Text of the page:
Cyber Security and the Water Industry

July 20, 2017


Share on facebook
Share on linkedin

Abstract vector created by fullvector -

One of the main themes that will be highlighted at WATEC 2017 is “Securing our Future: Water Industry Embracing Cyber Technologies.” In this blog, we will explore what this means and why it has become such a hot topic in the water industry.

A few words on cyber-crime

Two massive ransomware attacks have dominated the news this year — WannaCry and, most recently, Petya. Hospitals and other healthcare facilities in Britain were affected, as were major corporations such as banks, shipping companies and advertising agencies.

Ransomware is just one example of malicious criminal activity in cyber space, known collectively as cybercrime. Whether for profit, activism (“hactivism”), or espionage, cybercrime includes activities such as phishing emails (that steal credit card numbers and other personal financial information), zero day attacks (that exploit application security vulnerabilities before they’re discovered), and rootkits (that enable unauthorized access to a computer system at the root or admin level). [2]

In all its forms, cyber-crime is expected to cost its victims – which include you and me – as much as $6 trillion by 2021. [1]

Digital transformation has created cyber-physical systems

As shown in the concept map below, the convergence of sensors, IP networks, processors, actuators and informatics has transformed what used to be purely physical systems, such as buildings and vehicles, into cyber-physical systems that sense and interact with the physical world. Advances in machine learning, artificial intelligence and predictive analytics are making these cyber-physical systems increasingly smart and autonomous, with unprecedented levels of performance and efficiency.

cyber map

This trend is having a deep impact on water distribution systems as well. To solve water scarcity problems and to meet regulator demands for greater efficiency, water utility operators are adopting digital technologies and big data to improve leak detection, optimize infrastructure planning, reduce maintenance costs, and enhance customer service. The pace of adoption is often dictated by the urgency of the need, with water-scarce countries such as Australia and Israel being among the fore-runners in developing and adopting digital tools. [3]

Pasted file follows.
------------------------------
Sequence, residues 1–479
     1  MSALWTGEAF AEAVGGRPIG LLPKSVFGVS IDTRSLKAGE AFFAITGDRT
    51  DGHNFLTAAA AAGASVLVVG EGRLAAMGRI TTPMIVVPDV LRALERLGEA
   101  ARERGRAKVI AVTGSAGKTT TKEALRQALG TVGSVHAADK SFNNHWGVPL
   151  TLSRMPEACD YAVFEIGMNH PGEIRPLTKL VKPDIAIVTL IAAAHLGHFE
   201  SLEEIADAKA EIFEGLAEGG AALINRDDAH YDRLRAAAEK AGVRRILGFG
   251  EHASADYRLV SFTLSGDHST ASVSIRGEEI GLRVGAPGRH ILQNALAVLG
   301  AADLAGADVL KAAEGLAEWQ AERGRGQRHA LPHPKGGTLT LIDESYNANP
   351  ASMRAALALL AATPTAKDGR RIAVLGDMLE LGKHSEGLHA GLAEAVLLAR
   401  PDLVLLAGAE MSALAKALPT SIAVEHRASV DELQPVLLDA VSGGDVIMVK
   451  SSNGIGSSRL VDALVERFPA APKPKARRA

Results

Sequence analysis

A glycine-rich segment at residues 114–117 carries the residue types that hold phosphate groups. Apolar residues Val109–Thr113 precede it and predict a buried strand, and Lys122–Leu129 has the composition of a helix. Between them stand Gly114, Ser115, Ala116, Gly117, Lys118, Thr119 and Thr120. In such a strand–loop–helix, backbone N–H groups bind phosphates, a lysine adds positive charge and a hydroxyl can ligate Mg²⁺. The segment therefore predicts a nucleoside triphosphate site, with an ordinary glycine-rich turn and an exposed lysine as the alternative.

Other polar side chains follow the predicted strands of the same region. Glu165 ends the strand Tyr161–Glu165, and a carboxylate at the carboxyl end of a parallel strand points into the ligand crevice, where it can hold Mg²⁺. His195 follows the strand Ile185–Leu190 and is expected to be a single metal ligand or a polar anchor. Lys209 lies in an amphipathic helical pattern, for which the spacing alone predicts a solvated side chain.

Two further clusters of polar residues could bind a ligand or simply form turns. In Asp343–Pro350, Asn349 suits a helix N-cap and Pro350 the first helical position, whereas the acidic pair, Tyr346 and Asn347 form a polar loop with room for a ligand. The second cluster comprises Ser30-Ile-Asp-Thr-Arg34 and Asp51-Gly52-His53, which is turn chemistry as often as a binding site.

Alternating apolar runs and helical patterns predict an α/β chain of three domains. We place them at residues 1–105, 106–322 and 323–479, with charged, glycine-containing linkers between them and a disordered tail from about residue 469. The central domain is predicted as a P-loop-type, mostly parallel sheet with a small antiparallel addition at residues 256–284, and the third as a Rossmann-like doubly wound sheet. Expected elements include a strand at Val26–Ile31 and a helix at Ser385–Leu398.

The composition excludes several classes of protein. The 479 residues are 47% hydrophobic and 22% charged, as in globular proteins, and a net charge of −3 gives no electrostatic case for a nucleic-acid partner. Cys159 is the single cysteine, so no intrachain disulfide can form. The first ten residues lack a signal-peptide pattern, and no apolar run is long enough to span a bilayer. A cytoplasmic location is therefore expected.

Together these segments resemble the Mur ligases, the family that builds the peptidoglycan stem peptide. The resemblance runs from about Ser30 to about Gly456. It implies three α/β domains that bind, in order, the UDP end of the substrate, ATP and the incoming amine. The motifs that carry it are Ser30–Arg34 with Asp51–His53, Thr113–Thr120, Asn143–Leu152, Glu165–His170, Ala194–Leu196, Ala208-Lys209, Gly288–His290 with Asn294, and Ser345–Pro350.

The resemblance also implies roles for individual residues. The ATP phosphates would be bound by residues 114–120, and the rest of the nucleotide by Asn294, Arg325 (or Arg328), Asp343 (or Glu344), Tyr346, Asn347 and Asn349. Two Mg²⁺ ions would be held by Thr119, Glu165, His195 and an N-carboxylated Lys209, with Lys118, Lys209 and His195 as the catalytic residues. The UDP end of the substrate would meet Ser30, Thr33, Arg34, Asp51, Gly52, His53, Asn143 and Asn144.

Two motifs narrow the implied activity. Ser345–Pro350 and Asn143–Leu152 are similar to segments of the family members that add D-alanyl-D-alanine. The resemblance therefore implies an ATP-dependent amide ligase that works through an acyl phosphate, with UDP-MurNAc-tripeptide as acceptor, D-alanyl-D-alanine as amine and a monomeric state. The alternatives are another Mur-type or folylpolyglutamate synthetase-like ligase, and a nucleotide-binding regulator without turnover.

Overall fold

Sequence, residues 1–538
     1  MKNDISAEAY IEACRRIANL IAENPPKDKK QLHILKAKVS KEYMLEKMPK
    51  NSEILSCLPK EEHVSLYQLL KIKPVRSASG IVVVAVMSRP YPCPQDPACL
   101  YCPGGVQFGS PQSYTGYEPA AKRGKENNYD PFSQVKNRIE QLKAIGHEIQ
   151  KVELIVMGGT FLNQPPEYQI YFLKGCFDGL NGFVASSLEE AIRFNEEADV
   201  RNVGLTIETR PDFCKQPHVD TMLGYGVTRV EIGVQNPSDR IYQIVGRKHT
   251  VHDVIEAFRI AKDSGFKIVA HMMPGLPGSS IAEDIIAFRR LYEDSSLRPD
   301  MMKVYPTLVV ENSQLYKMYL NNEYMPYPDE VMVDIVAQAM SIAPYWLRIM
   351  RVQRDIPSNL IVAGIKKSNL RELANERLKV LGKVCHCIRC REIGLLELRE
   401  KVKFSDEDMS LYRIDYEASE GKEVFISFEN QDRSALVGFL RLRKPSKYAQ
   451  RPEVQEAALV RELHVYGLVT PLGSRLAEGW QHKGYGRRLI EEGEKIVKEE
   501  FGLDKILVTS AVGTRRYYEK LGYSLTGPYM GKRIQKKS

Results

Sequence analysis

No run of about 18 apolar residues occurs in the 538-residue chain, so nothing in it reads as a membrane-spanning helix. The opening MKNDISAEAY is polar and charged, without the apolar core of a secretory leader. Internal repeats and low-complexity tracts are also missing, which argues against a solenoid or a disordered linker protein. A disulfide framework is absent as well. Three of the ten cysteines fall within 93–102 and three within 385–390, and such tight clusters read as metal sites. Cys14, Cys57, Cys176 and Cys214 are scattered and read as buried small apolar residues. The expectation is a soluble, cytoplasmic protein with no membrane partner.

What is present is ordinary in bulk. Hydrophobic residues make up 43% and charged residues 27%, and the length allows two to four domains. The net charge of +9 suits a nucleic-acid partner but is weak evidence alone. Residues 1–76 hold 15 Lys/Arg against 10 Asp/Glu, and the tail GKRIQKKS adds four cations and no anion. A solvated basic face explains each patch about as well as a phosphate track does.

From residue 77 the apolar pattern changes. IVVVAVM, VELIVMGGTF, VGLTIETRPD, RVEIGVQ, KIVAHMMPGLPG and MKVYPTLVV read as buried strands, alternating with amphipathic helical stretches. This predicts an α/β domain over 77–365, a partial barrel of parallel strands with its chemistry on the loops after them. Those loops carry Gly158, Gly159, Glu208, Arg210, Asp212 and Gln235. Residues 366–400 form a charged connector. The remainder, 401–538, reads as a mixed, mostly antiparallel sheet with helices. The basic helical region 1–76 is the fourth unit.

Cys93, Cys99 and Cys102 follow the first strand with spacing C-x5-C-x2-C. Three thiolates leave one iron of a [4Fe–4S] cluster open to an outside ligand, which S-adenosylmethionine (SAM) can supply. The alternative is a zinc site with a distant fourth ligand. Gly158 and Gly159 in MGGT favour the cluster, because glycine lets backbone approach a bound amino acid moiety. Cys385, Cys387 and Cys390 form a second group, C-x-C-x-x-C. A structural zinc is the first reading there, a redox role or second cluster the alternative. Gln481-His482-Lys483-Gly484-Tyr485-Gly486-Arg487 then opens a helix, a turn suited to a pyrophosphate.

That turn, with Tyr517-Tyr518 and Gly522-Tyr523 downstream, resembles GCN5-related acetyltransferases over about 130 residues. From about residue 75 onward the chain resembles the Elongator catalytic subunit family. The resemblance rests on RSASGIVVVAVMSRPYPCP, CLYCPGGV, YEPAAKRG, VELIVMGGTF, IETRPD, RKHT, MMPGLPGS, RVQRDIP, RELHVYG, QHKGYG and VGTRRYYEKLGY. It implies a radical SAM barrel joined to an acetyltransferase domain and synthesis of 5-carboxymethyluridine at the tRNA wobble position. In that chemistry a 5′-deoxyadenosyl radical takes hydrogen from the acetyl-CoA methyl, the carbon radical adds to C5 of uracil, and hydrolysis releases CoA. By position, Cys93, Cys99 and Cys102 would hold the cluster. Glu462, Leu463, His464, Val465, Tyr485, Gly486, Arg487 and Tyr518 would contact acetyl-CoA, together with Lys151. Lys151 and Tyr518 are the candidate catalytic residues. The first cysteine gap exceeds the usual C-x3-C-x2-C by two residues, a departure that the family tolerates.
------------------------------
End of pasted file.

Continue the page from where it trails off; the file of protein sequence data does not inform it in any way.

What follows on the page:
The Security Risk and How to Mitigate It

The emergence of cyber-physical systems holds great promise for improving the quality of many aspects of our lives, but it also introduces the risk of increased exposure to cybercrime. Already in the late 1990’s the US President’s Commission on Critical Infrastructure Protection (CCIP) identified eight infrastructure systems, including water supply systems, that play a critical role in the fabric of modern society. If any one of these systems were to be brought down by a successful cyber attack, the impact on the economy and on daily life in general would be catastrophic. [4]

The US Homeland Security Department, and other governments around the world, are actively partnering with academia, industry, entrepreneurs and investors to advance interoperable, high-quality security solutions that can be deployed across cutting-edge infrastructures to secure the control systems — and the data they rely on — from cyber attacks. [5]

When it comes to water utilities, the following are some ways to mitigate the risk of a cyber attack [1]:

  • Build robust models for detecting and rapidly dealing with cyber attacks.
    One attack and defense model that has been proposed, for example, is the RAIM model [6], based on Real-time Monitoring for rapid Anomaly Detection and robust Impact Analysis and Mitigation Strategies.
  • Segregate control systems so that a breach will not create a domino effect across all essential functions.
  • Choose solutions that are secure by design.
  • Hire personnel who specialize in the field.
    More and more water utilities are establishing positions such as Chief Data Officer or Information Security Officer, whose job it is to help prepare, prevent, detect and respond effectively to ever-changing cyber threats.
  • Most cyber attacks are the result of human error, such as falling prey to phishing emails. All personnel in the facility need to be educated on the dangers of cyber threats and how to avoid them.


[1] Key to ensuring cyber security now and into future, Australian Water Association, June 30, 2017
[2] Department of Homeland Security, Cyber Security Division
[3] Frank Cespedes and Amir Peleg, How the Water Industry Learned to Embrace Data, Harvard Business Review, March 27, 2017
[4] Performance, Robustness, and Cyber Security of Critical Infrastructure Systems –  A Cyber-Physical Systems Research Theme
[5] Dr. Robert Griffin, Securing Critical Infrastructure in the 21st Century, Department of Homeland Security Science and Technology (S&T) Directorate, March 20, 2017
[6] C. Ten et al, Cybersecurity for Critical Infrastructures: Attack and Defense Modeling, IEEE Transactions, July 2010


Share on facebook
Share on linkedin
Skip to content